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If the expiry value is given by $f(x,T) = e^{-c x}$ for $x \ge a$ and 0 otherwise and c is a +ve constant, prove that in the Fourier domain:

$$ (c + j \omega) F(\omega, 0) = e^{-rT} e^{-a(c+j\omega)}e^{-r T \omega^2} $$

Solution

First, the Fourier transform of $e^{-cx}$ is $\frac{e^{-a(c+j \omega)}}{c + j \omega}$.

Then, the Fourier transform (FT) of the gaussian pdf $g_{\sigma^2}(x) = \frac{1}{\sqrt{2 \pi \sigma^2}}e^{-\frac{x^2}{2 \sigma^2}}$ is:

$$ G_{\sigma^2}(\omega) = e^{-\sigma^2 \frac{\omega^2}{2}} $$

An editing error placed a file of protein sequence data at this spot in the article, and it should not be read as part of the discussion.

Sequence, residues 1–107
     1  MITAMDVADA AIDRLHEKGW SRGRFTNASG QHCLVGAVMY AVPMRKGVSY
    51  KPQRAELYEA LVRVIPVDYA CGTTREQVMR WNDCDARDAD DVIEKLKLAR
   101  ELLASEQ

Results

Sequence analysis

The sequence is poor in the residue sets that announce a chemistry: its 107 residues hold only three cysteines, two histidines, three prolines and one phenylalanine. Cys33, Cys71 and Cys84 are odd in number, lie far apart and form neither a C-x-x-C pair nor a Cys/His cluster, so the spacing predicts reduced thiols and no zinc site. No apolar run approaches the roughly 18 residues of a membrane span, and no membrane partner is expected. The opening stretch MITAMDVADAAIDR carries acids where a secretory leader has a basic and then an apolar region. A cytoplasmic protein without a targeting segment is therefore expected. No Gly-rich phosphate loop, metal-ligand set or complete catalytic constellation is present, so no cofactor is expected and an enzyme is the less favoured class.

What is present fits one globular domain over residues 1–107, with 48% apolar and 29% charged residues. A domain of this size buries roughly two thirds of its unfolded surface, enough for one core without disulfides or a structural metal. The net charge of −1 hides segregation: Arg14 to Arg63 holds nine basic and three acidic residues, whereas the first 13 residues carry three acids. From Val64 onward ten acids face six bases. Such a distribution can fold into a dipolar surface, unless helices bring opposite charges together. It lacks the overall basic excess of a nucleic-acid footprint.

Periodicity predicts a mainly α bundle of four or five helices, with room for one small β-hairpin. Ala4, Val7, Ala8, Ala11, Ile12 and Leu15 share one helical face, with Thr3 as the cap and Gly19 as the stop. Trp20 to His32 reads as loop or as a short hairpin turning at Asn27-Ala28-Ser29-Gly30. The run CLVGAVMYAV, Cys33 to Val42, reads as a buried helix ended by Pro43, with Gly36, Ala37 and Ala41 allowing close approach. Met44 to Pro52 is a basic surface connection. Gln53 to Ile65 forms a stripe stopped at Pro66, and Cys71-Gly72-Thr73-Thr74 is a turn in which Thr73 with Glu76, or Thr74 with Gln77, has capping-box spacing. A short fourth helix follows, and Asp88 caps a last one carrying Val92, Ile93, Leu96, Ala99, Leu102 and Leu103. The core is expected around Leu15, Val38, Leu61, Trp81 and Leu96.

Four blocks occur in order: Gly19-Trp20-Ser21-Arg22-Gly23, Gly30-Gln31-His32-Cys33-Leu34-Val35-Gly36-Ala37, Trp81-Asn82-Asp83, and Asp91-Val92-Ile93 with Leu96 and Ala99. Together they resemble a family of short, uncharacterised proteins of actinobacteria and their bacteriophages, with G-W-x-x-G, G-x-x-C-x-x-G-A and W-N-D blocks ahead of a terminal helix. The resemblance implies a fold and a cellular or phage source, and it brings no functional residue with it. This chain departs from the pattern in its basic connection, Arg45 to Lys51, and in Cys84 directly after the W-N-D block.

Here, is where I don't understand how to proceed.

The solution manual says that the following is true:

$$ F(\omega, 0) = e^{-r T} G_{2 r T}(\omega) F(\omega, T) $$

Where does the $e^{-r T} G_{2 r T}(\omega)$ come from? I can understand $e^{-r T}$ as discounting from T to 0 but what about $G_{2 r T}(\omega)$?

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  • $\begingroup$ I suppose $F(\omega)$ is the Fourier transform of $f(x)=e^{-cx}\mathbf{1}_{\{x\geq a\}}$? How can $F$ depend on $T$ if $f$ does not? $\endgroup$ – Kevin May 1 '20 at 23:22

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